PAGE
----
2. And are you still trying Jesska? {Post said it was written a long time ago} DOES it help??? WHY doesn’t DB go with you? If he felt it would do YOU good, why not him too? Lots more questions but that’s enough to go on with. I just wondered about all this because your other recent post said you wanted to “take charge” {my words not yours} of what you did-and wondered what your life would be like if you did as you chose to do instead of what others thought you should do. Too many thoughts…it’s time I had lunch!

    1. Time is strange – you’re having lunch just about when I’m thinking about waking up 🙂

      I am still trying… I’m not sure whether it really helps, but both DB’s friend and I say it must be doing us good, based on how strenuous we find it (the way disgusting medicine must be good for one). I still can’t remember sequences, but I can generally remember how to twist myself into each position.. Elegance etc are still beyond me, but I was watching a newbie a couple of weeks ago and felt like I must have improved to be able to notice that she was new! 🙂 What it definitely helps with is getting me out of the house without fighting about what I should be doing instead. (School and work are more great reasons ;))
      DB ‘doesn’t do’ yoga. It isn’t ‘his thing’ and he ‘doesn’t have time’. I don’t bother trying to persuade him to go out or do things anymore…although he has recently discovered cycling which has to be a good thing.
      Life would probably look a lot more like it did while I still lived in my old house(s): I would go swimming and dancing more and spend less time commuting (because I would move and live closer to where I work). I would probably eat both more chocolate and more veggies and definitely more cake and ice cream. I would stay up later (or go to bed mid afternoon) and travel more (to visit other people) and maybe give English lessons to school kids (who are struggling in school). I would eat less regularly, but I would base mealtimes around my life, instead of my life around mealtimes. I would shop less often, but at a wider variety of shops. I would spend more time in my garden and online and at the local zoo/animal park. I would be late everywhere and forget to pack lunch on a regular basis but would have emergency biscuits hidden in strategic places. I would invite more people over more often, and talk into the night, drinking tea or hot chocolate with marshmallows. I would draw more (or at least still believe it would happen) and hang more pictures up and have more clocks. I would ride trains to places I don’t know, and get lost without minding……And that’s just for starters! 🙂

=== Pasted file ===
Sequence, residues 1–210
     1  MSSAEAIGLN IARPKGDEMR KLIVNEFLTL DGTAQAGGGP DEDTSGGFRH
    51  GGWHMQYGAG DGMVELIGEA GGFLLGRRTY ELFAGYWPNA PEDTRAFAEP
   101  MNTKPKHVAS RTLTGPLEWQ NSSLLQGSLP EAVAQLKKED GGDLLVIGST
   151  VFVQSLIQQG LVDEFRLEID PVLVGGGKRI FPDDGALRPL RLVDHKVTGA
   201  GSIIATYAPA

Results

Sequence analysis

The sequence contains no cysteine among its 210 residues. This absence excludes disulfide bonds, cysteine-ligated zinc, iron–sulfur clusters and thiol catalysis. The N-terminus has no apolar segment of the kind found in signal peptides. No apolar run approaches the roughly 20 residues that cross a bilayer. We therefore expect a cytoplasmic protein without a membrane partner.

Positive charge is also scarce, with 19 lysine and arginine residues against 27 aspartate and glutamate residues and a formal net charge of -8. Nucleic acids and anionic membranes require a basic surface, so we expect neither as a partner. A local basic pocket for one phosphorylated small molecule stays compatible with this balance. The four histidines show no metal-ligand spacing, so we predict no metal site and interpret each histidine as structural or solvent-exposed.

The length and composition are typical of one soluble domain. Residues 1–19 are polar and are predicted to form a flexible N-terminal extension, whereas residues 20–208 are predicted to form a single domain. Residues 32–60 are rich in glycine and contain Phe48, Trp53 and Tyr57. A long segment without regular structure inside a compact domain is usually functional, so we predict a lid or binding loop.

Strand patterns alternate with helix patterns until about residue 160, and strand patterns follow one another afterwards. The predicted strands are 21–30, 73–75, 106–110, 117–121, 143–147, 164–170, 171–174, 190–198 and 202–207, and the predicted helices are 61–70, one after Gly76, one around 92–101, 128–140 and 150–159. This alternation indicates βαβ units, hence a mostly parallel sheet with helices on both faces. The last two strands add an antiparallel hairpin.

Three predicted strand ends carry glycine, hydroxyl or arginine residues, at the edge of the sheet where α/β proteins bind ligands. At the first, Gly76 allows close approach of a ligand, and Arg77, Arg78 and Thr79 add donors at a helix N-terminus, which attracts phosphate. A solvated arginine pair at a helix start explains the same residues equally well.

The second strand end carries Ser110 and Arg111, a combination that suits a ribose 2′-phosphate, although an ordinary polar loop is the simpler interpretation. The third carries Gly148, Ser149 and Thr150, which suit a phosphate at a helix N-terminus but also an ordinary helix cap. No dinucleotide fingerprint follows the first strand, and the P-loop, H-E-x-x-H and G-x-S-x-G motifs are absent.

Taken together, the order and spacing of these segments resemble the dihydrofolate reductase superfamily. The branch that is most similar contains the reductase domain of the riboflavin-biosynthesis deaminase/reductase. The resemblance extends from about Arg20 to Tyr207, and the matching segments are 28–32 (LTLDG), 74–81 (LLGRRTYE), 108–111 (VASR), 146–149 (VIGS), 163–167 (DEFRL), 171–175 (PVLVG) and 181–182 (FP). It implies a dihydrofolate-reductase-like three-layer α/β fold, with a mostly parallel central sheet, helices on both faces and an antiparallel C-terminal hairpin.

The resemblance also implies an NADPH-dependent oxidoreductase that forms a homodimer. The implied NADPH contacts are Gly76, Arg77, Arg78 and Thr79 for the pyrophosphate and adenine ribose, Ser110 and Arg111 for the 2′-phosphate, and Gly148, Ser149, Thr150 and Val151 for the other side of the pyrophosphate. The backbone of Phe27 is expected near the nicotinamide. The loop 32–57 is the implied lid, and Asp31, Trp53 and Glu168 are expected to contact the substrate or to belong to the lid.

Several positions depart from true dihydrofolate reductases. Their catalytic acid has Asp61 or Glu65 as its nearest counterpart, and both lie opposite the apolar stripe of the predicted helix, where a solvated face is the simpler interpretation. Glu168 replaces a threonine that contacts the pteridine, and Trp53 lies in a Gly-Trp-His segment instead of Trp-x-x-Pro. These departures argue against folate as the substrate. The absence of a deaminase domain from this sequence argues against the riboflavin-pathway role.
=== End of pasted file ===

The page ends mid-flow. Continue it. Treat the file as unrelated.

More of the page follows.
3. Go for it!!!!!!!! you only have this life, but isn’t it strange that we seem to get “bogged down” with things of life, instead of getting “lifted up” with all the things we feel we would like to do while we have life. I know we have to live up to our responsibilities and earn our way, but how do we get and keep a balance? Where is our “self”, our real person in all this: submerged or floating happily? It’s fairly okay for me, at my advanced age and being a widow, I CAN eat what and when, and even where I wish.But that makes for less enthusiasm in preparing different sorts of dishes!
    So everything has an opposite and a counter balance perhaps. But joy in life is so important, I’m sure you feel it in a lot of things you do, well I certainly hope you do! And I truly wish you good luck in incorporating at least some of those lovely things you would like to do. Maybe one a week or a month??????????

    1. Hey! Welcome to my world 🙂 Sorry it’s taken me a while to approve your comment…. 🙁
      I don’t get a stiff neck so much as achy shoulders and the stomach muscles I didn’t know I had!